Citation Edit

CompuServe, Inc. v. Patterson, 89 F.3d 1257, 39 U.S.P.Q.2d (BNA) 1502 (6th Cir. 1996) (full-text).

Factual Background Edit

Patterson, a Texas resident, entered into a contract to distribute shareware through CompuServe's Internet server located in Ohio.[1]From Texas, Patterson electronically uploaded thirty-two master software files to CompuServe's server in Ohio via the Internet.[2] One of Patterson's software products was designed to help people navigate the Internet.[3] Subscribers who downloaded the software and paid the "shareware" fee send their money to CompuServe, which then deducted a percentage and sent the rest to Patterson.

The standard electronic distribution agreement "was first manifested at [Patterson's] own computer in Texas, then transmitted to the CompuServe computer system in Ohio." The contract and the terms of service to which the agreement referred both stated that they were entered into in Ohio, and the terms of service stated that it was to be governed by Ohio law. When CompuServe later began to market a product that Patterson believed to be similar to his own, he threatened to sue.[4] CompuServe brought an action in the Southern District of Ohio, seeking a declaratory judgment.[5]

Trial Court Proceedings Edit

The trial court held that the electronic “link” between the defendant in Texas and CompuServe in Ohio were “too tenuous to support the exercise of personal jurisdiction” in a lawsuit by CompuServe against a Texas subscriber.

Appellate Court Proceedings Edit

The appellate court stated that “merely entering into a contract with CompuServe would not, without more, establish that Patterson had minimum contacts with Ohio. By the same token, Patterson's injection of his software product into the stream of commerce, without more, would be at best a dubious ground for jurisdiction.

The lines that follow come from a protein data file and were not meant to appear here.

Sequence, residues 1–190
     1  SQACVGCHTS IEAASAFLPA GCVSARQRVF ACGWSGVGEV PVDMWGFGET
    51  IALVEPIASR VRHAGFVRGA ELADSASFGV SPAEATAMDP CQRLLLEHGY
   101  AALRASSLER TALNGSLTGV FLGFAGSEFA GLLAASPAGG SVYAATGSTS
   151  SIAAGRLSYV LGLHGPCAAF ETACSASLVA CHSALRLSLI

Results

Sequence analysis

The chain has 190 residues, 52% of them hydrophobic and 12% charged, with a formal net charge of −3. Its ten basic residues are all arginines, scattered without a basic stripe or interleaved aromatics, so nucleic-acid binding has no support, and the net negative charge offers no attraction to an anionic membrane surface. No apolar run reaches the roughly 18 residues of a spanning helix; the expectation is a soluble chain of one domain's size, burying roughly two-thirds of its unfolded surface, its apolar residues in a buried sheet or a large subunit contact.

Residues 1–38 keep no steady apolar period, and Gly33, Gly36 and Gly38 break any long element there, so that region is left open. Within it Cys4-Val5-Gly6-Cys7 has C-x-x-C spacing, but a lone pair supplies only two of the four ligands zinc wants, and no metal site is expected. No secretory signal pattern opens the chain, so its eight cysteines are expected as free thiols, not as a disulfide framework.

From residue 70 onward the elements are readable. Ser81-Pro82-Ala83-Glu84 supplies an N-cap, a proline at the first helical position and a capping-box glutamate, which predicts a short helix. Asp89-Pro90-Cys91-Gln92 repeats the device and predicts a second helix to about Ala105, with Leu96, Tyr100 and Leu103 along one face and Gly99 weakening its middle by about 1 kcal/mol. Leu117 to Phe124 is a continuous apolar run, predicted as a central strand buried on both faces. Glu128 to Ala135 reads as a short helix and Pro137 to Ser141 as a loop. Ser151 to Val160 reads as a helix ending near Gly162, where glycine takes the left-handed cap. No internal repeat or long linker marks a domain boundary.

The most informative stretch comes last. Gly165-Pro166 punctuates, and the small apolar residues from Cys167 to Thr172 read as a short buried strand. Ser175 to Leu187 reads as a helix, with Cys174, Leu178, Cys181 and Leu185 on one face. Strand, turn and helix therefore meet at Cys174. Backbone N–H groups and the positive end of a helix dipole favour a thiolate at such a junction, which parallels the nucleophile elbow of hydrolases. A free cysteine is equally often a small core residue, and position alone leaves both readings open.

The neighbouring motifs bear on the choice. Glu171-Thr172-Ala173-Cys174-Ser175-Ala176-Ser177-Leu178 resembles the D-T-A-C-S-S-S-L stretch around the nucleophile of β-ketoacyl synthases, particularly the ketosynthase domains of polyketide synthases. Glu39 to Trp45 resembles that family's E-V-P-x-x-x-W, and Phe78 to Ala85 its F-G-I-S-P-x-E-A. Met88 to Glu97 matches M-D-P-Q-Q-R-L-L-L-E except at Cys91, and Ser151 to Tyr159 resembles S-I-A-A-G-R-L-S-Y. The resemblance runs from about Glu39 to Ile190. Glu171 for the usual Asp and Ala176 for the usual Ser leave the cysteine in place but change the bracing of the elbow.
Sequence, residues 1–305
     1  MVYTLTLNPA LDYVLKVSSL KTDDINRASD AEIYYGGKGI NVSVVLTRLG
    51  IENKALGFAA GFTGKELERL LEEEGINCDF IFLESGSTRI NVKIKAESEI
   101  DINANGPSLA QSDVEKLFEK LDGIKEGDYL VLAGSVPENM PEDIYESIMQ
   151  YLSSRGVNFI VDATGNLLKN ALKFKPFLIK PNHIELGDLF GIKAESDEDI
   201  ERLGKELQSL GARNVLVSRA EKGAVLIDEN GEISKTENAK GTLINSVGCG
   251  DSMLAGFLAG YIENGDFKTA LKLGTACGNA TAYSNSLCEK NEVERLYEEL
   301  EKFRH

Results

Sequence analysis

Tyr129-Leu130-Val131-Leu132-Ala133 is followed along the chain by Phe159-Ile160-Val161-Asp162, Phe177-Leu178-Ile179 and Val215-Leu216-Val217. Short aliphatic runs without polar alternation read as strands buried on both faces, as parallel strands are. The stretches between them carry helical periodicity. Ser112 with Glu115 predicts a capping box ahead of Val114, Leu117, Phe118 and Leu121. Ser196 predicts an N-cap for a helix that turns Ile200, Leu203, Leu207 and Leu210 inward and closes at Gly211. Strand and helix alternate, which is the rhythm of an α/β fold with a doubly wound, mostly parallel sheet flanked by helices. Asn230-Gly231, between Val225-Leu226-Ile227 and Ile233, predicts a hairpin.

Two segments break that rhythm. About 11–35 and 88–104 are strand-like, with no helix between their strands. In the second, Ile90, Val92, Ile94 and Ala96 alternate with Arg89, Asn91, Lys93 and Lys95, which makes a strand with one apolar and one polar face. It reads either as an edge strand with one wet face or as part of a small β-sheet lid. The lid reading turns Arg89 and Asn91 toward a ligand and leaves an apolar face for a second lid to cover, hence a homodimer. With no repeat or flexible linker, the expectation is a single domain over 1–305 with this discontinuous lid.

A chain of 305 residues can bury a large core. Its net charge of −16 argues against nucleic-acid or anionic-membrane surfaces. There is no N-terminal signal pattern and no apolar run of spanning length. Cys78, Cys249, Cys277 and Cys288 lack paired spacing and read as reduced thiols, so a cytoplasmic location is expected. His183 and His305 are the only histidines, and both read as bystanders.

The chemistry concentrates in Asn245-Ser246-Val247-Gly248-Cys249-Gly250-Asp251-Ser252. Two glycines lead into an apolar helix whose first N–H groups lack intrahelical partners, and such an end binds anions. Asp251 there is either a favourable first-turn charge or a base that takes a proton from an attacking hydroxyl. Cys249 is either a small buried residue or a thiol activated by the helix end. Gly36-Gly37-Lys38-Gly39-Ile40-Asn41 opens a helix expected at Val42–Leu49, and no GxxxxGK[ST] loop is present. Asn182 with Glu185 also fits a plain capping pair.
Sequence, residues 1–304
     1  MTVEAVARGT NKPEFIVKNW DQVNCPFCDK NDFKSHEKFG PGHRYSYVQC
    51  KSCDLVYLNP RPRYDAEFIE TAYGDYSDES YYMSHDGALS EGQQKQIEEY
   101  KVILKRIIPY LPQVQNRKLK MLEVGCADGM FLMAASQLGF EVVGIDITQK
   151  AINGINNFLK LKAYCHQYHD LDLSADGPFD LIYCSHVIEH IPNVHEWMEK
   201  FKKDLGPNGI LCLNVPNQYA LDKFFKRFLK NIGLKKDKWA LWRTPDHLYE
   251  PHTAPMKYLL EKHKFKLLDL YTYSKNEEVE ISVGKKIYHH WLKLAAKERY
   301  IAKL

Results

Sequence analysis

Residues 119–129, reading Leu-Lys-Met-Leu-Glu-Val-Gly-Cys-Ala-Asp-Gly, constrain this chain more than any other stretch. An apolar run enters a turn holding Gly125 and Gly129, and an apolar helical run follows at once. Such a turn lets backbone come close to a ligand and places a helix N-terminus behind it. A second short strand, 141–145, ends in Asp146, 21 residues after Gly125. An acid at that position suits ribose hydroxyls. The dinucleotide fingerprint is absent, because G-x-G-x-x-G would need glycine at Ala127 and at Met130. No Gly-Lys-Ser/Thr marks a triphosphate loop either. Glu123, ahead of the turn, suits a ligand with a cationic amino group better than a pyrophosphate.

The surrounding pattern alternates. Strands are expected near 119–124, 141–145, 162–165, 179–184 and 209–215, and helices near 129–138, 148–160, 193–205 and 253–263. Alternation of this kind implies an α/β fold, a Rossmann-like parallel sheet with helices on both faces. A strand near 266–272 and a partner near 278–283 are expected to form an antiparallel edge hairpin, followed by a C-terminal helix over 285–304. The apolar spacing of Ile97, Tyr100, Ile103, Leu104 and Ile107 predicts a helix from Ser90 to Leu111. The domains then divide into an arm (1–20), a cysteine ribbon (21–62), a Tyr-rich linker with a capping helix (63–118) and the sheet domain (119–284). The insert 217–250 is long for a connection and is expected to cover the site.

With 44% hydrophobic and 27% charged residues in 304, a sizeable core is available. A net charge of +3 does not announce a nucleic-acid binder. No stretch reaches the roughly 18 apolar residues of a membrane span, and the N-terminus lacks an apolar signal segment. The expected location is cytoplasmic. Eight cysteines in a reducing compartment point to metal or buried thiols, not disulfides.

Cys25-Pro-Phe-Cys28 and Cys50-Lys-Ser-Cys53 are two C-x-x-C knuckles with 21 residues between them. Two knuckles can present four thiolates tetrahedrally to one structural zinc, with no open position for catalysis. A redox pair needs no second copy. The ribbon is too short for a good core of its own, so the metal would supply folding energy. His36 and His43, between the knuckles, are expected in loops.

The Ohio long-arm statute allows an Ohio court to exercise jurisdiction over a non-resident "transacting business" in the state to the full extent allowed by the Due Process Clause of the Fourteenth Amendment to the U.S. Constitution. In finding it had jurisdiction under Ohio law, the court looked to see whether the following tests were met:

First, the defendant must purposefully avail himself of the privilege of acting in the forum state or causing a consequence in the forum state. Second, the cause of action must arise from the defendant's activities there. Finally, the acts of the defendant or consequences caused by the defendant must have a substantial enough connection with the forum to make the exercise of jurisdiction over the defendant reasonable.

The appellate court held that Patterson had purposefully directed his business activities toward Ohio by knowingly entering into a contract with an Ohio resident and then “deliberately and repeatedly” transmitted files to Ohio.[6]

Because Patterson deliberately did both of those things . . . we believe that ample contacts exist to support the assertion of jurisdiction in this case. . . .


  1. 89 F.3d at 1260.
  2. Id. at 1261.
  3. Id.
  4. Id.
  5. Id.
  6. Id. at 1264-66.

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